Thursday, 25 September 2014

Wine and Warfare Part 15: Marlborough Goes To War

By Rupert Millar

John Churchill, Duke of Marlborough (1650-1722), 
painted by Adriaen van der Werff

One of the legacies of colonialism is that the colonisers leave their mark in the place names of the land they have settled. Often these names are places the settlers have left behind, think of (New) York and Boston in the US and (New) South Wales in Australia. Then there are the names of the explorers themselves, George Vancouver, Abel Tasman and James Cook for example.

Kings, queens and politicians all have places in the “New World” named after them and the stories and histories behind those would be enough to fill a small book. But this is a story about wine and war and there are plenty of generals and famous battles to which vineyards owe their name.

Australia’s Barossa Valley was named after an obscure (if victorious) battle in the Peninsular War and New Zealand’s most famous vineyard region was also named in honour of a general and the victory he won on the other side of the world - the northern tip of South Island and the southern tip of North Island are full of military-themed towns. Wellington on the end of North Island needs little introduction and across Cook Strait (Captain James Cook) on South Island is the town of Picton, general Thomas Picton being a divisional commander of Wellington’s who was killed at Waterloo. Meanwhile, there is the town of Nelson to the west (no prizes for guessing who he is). However, the town and region that should excite our interest is that of Blenheim and Marlborough.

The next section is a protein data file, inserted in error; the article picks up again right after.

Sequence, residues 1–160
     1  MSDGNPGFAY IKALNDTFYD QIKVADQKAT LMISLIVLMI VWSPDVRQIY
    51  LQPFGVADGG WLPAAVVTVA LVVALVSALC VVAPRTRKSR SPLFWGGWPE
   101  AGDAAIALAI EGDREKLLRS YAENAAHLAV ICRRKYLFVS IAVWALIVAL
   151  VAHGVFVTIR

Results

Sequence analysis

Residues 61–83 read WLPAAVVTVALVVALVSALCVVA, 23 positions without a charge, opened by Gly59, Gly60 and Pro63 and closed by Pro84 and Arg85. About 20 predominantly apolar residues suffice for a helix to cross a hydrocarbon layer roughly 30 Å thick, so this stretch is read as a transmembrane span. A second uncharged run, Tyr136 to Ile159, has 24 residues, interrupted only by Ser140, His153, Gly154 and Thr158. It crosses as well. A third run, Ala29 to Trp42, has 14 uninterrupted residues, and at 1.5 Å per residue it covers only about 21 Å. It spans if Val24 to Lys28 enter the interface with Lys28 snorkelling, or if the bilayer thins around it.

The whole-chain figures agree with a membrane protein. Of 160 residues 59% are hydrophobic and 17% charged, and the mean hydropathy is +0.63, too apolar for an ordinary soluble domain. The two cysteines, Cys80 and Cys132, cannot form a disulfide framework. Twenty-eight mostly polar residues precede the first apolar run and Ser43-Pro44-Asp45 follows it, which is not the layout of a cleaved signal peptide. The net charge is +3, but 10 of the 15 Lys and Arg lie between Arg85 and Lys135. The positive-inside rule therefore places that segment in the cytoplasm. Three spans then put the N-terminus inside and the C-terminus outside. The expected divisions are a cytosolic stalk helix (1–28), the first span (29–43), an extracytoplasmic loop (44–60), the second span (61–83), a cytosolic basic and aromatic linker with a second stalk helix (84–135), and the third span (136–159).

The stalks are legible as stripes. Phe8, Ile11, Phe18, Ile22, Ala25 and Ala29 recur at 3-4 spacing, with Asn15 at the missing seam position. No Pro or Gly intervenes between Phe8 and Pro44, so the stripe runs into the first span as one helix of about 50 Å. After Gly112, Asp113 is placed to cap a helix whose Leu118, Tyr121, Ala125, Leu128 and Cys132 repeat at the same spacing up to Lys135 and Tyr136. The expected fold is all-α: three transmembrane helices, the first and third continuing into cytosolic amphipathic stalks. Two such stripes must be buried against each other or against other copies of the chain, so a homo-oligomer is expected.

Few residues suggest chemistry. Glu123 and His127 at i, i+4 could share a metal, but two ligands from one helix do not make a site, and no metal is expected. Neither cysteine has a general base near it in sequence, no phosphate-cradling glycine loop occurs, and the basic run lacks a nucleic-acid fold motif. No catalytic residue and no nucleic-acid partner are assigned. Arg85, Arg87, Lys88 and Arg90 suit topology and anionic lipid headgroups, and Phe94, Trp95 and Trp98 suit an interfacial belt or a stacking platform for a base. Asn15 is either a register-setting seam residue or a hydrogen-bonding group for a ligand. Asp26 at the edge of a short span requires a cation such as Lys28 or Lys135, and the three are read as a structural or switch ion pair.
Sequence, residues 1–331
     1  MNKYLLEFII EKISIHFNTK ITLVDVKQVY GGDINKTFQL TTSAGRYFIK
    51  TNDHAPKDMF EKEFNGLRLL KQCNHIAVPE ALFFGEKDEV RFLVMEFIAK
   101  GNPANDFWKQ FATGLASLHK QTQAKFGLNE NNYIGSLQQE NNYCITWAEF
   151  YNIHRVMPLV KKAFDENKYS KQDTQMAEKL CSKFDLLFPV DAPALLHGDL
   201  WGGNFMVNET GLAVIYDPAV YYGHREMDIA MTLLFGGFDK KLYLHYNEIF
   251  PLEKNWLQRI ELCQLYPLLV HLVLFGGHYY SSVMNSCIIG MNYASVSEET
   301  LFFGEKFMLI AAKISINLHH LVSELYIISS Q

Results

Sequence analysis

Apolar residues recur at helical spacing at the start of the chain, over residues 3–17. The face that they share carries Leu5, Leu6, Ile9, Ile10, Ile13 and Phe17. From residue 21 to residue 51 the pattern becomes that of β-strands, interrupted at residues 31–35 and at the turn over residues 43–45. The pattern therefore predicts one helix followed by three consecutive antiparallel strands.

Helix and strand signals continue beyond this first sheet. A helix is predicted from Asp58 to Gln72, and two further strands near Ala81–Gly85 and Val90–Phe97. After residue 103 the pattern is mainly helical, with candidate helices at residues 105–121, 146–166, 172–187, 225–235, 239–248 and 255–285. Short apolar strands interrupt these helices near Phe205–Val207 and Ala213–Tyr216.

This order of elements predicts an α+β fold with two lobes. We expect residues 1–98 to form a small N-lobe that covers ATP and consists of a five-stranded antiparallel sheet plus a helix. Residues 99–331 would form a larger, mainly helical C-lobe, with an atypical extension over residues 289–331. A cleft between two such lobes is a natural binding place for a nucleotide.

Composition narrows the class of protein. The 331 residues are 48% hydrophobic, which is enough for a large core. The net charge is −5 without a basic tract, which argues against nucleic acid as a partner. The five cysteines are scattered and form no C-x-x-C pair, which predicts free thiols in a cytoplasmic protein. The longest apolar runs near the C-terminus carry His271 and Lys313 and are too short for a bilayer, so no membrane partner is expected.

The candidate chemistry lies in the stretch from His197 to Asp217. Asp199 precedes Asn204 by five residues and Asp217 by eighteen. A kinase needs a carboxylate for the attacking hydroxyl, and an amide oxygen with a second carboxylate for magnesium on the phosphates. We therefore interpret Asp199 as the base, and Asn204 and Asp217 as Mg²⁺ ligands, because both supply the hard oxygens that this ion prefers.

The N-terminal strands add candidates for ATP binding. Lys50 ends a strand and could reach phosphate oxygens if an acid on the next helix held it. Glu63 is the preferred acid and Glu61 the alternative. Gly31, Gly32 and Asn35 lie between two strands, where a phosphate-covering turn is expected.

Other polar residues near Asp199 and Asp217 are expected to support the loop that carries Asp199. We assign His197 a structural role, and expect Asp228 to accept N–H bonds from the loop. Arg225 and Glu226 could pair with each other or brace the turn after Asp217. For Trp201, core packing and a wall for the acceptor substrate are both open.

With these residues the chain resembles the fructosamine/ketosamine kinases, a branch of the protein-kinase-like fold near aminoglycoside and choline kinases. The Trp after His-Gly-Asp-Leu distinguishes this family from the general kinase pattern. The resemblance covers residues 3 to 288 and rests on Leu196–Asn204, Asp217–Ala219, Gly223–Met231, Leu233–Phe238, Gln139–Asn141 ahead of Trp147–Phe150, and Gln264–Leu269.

Tuesday, 2 September 2014

Visiting Rioja: the Ancient and the Ultra-Modern

Fifteen years ago when I first visited Rioja, it was a region visited almost exclusively by Spaniards and the
wine trade. Only a handful of wineries opened to the public and it was rare to hear another English accent.
When I visited just a few weeks ago, it was an entirely different experience. Winery hotels have gone up, a tour group filled the square in Laguardia and there were plenty of American, as well as English accents to be heard.

But it presents an interesting conundrum for Rioja’s wineries. Obviously, they want to capitalise on the increasing interest from wine travellers but how best to do it?